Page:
REVIEW: Gold Diggers of 1933 (1933)

golddiggers33_posterBy 1933 the USA was deep in the Great Depression, and Hollywood was stuck in a quandary over whether to directly confront the economic crisis in its films or to pursue a slick fantasy of escapism and optimism. Gold Diggers of 1933, the third adaptation of Avery Hopgood’s play The Gold Diggers, plays a hand in each direction. It showcases a group of dancing showgirls struggling to find employment and make rent, but also brings them into a comedic encounter with a fussy family of Boston millionaires. It definitely takes an escapist approach, but it doesn’t shy away from comment on the dire unemployment that existed beyond the movie theatre.

A group of struggling showgirls get a reprieve when their neighbour – an aspiring songwriter – invests $15,000 into their next stage production. After fearing he might be a wanted bank robber, the girls instead learn he is the son of rich Boston bankers, and his officious brother is hot on his trail to ensure the family fortune is safe from ill-advised romance with the lower classes.

The film makes a striking contrast for director Mervyn LeRoy, whose previous work for Warner Bros was dominated by crime films like Little Caesar, Five Star Final (both 1931) and I Am a Fugitive From a Chain Gang (1932). While LeRoy handled the comedic scenes and narrative, the film’s four key musical numbers were directed by Busby Berkeley.

This is a Hollywood musical in an older style: the songs are developed as spectacles in their own right, rather than as an extension or exploration of character. Generally speaking they do not significantly forward or affect the story. It is a format that suited Berkeley perfectly, allowing him free rein to direct song and dance numbers as a purely aesthetic affair. He is at his best here with “The Shadow Waltz”, an increasingly stylised routine involving neon-lit violins and bows synchronised in movement and shot from above.

As a comedy the film is sharp, flirtatious, and surprisingly edgy. Gold Diggers of 1933 squeezes under the closing gate posed by Hollywood’s impending Motion Picture Production Code (known informally as the “Hays code”). While the code had already been introduced, it was not enforced on Hollywood films until 1934. Viewers used to the more conservative musicals of the mid-to-late 1930s and beyond may be surprised as the jokes about sex, and the amount of revealing outfits being worn. It enables Gold Diggers to positively spark with a mischievous energy.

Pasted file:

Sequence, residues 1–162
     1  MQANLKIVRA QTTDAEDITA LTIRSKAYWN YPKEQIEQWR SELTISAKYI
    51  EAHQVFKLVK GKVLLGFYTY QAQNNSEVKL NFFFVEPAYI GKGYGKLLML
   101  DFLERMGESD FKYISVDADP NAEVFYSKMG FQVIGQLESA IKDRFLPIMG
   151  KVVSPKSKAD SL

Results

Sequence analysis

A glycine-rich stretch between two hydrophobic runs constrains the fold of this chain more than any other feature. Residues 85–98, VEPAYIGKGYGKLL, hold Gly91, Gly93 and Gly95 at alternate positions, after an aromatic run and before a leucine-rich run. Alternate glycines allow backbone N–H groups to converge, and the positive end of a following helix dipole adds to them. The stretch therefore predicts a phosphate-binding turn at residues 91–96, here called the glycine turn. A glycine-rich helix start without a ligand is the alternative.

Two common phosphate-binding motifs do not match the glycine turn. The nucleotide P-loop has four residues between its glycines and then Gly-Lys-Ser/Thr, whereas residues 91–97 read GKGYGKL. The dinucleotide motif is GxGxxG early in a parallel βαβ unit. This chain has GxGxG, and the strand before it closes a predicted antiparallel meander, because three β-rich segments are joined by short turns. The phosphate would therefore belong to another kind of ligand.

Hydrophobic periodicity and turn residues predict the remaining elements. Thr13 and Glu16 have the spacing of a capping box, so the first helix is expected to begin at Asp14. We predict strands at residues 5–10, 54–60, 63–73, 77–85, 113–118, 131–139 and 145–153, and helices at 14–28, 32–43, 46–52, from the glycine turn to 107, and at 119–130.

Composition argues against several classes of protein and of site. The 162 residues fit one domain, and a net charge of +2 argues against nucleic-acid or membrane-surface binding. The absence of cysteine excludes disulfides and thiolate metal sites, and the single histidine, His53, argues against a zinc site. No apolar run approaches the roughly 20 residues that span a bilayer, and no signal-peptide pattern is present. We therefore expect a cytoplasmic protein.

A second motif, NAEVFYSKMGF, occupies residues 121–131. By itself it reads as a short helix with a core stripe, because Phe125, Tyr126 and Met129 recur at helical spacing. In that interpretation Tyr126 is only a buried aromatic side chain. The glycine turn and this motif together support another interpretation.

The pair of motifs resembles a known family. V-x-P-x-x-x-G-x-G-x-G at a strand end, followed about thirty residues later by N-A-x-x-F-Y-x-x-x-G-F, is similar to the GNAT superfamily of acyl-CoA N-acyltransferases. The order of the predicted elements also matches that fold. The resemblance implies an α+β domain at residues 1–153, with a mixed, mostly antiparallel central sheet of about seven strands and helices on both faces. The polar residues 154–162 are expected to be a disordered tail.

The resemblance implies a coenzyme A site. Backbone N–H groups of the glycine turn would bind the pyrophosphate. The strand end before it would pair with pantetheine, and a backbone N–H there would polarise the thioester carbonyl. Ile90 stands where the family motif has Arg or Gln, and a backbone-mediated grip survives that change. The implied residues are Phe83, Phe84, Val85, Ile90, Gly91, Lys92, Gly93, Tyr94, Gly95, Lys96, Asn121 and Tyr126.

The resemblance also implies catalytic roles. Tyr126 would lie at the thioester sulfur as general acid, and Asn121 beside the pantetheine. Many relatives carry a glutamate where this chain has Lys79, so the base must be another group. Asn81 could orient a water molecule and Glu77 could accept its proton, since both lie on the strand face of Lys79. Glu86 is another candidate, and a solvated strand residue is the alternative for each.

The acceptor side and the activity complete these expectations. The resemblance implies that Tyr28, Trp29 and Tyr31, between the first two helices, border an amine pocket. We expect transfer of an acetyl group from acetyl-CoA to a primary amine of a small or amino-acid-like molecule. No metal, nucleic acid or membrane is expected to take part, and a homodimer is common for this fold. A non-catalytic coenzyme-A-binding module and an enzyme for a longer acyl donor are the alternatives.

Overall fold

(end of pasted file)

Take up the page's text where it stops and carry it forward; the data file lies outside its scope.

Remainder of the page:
Of the three female leads – Polly (Ruby Keeler), Carol (Joan Blondell), and Trixie (Aline MacMahon) – it is Trixie that impresses the most. She has a cynical attitude and an acid tongue; MacMahon gets all the best lines and quips and executes them wonderfully. Dick Powell is earnestly charming as secret millionaire Brad Roberts. Warren William is a little harder to pin down as Brad’s disapproving brother Lawrence: the character is stiffly uncomfortable, but it is sometimes hard to see where the character ends and William begins. It all seems just a little stiff and awkward, and William performs through the film’s unlikeliest character arc. As family lawyer Faneuil Peabody, Guy Kibbee is a delight. It is also worth noting the film’s supporting cast, which includes Ginger Rogers (fresh from her breakout role in 42nd Street and mere months ahead of her first partnership with Fred Astaire) and a young Billy Barty.

Gold Diggers of 1933 is respected – it was added to the USA’s National Film Registry in 2003 – but it has not endured to the level of other Hollywood musicals around it. That’s a shame: this is a superb film. It sparkles with wit, and entertains with aplomb. Of the extended franchise, it is the earliest extant film available. The Gold Diggers (1923) has been lost, and Gold Diggers of Broadway (1929) is incomplete. This third instalment was followed by three more: Gold Diggers of 1935, Gold Diggers of 1937, and Gold Diggers in Paris (1938). The films share cast and crew, but not characters.

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